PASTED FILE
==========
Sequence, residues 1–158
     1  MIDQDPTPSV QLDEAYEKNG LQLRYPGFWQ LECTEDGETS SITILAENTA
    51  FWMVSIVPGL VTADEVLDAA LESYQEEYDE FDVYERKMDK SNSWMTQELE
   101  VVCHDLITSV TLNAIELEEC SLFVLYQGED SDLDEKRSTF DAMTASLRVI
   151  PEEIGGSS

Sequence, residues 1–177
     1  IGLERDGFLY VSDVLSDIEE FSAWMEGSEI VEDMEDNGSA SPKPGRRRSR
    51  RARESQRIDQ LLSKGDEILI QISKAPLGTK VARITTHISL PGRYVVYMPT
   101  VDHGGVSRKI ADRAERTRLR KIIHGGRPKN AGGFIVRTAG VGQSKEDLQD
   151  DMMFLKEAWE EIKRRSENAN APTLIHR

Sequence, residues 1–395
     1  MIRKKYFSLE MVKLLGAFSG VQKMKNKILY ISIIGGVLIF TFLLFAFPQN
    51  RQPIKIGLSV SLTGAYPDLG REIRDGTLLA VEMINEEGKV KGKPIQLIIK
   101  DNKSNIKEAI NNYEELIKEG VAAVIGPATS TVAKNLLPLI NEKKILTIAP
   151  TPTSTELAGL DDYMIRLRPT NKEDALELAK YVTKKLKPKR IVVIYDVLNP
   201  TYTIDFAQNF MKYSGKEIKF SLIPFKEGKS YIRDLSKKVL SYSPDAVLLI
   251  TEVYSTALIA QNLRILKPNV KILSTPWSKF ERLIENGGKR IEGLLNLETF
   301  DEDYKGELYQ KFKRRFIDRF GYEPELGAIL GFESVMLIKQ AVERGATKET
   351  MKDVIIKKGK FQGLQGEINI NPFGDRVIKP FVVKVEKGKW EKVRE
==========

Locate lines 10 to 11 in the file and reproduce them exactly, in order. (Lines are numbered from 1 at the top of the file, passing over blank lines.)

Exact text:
   151  DMMFLKEAWE EIKRRSENAN APTLIHR

Sequence, residues 1–395